Becoming a Librarian | American Libraries Magazine

Becoming a Librarian | American Libraries Magazine

Straight from the Stacks: A First Hand Guide to Careers in Library and Information Science by Laura Townsend Kane, Chicago: American Library Association, 2003.

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Borders’ Bankruptcy Shakes the Publishing Industry - NYTimes.com

Photo credit:  Jeff Kowalsky/Bloomberg News

Borders’ Bankruptcy Shakes the Publishing Industry - NYTimes.com: "By JULIE BOSMAN and MICHAEL J. de la MERCED"



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Google One Pass goes up against Apple's online payment service | Media | guardian.co.uk

Google One Pass goes up against Apple's online payment service | Media | guardian.co.uk

Metro - Making the leap to a Verizon iPhone



Metro - Making the leap to a Verizon iPhone

If you’re one of the people clamoring for an iPhone that also promises decent service on Verizon (what a feat!), there are a few things to know first about making the switch.

Verizon offers a few tips as to how to make the transition as smooth as possible.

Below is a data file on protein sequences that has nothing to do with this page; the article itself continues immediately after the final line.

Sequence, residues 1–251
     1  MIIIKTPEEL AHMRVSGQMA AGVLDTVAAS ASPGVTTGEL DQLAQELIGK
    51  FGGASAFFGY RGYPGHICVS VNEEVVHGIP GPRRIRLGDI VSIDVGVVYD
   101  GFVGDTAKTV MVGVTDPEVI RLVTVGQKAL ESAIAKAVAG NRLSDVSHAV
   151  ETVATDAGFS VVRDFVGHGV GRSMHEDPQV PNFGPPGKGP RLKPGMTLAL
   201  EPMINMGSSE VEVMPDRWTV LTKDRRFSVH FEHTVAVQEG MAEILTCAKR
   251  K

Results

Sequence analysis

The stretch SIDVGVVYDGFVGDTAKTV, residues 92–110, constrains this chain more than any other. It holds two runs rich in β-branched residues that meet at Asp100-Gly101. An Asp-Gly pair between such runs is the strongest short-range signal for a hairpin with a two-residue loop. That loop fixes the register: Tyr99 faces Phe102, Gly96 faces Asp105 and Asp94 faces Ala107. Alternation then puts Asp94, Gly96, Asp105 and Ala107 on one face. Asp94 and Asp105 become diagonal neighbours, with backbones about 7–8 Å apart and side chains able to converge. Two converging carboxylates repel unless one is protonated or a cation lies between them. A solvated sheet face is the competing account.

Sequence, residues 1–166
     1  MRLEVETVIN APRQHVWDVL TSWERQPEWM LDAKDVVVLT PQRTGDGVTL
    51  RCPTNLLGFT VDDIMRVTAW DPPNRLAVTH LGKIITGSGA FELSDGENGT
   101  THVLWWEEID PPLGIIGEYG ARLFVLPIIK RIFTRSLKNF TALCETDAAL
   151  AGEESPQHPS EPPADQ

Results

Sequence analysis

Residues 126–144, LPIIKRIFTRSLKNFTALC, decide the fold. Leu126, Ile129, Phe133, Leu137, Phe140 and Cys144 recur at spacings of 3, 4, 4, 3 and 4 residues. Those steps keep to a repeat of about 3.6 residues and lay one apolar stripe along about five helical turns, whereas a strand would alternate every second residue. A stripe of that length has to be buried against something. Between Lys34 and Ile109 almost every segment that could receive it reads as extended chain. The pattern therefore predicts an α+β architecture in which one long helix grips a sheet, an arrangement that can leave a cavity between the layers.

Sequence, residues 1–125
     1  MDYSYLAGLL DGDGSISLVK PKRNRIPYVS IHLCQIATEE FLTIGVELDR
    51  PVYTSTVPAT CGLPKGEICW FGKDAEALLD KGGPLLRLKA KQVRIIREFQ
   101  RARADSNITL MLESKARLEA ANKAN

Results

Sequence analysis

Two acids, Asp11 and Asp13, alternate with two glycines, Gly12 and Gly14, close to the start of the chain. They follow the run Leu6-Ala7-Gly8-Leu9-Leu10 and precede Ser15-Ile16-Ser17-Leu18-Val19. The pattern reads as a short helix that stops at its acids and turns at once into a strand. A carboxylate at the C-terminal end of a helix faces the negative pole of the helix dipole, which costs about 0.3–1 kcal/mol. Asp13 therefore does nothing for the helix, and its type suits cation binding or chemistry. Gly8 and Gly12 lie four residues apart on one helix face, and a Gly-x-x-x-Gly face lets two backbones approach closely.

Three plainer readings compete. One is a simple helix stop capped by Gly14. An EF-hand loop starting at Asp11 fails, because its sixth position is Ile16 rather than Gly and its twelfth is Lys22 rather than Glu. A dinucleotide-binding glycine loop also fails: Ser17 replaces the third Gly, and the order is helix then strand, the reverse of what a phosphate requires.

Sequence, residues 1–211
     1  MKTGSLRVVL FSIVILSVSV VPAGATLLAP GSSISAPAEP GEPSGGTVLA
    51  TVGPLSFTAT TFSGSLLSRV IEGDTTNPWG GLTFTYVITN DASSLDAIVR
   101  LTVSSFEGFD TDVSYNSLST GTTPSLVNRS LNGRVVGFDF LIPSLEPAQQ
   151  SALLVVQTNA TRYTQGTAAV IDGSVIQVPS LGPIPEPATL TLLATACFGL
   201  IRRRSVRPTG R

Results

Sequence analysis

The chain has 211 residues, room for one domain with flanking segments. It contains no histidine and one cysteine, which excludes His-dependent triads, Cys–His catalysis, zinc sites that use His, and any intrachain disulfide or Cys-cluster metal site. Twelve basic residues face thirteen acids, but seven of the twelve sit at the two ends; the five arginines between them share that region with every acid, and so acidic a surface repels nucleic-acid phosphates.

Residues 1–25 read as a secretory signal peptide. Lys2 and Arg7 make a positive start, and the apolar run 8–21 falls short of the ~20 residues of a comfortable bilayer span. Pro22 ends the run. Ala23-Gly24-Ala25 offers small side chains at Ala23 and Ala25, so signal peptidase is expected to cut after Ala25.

Wednesday, February 16, 2011

ALA | Home - American Library Association

ALA | Home - American Library Association

ADVOCACY URGENTLY NEEDED: House considering two amendments critical to the future of libraries

Call your representative at (202) 224-3121 today and tell him or her to oppose Amendment #35 to the Continuing Resolution!

This week, the House of Representatives will consider two amendments to the FY2011 Continuing Resolution that are critical to libraries – one that would eliminate all the Institute of Museum and Library Services (IMLS) funding including Library Services and Technology Act (LSTA) funding and another that would halt all funding for Foreign Intelligence Surveillance Act (FISA) orders seeking libraries and bookstore records of U.S. citizens. ...

Saturday, February 12, 2011

New York Library Club's 2011 Winter Event: "Three Faiths: Judaism, Christianity, Islam"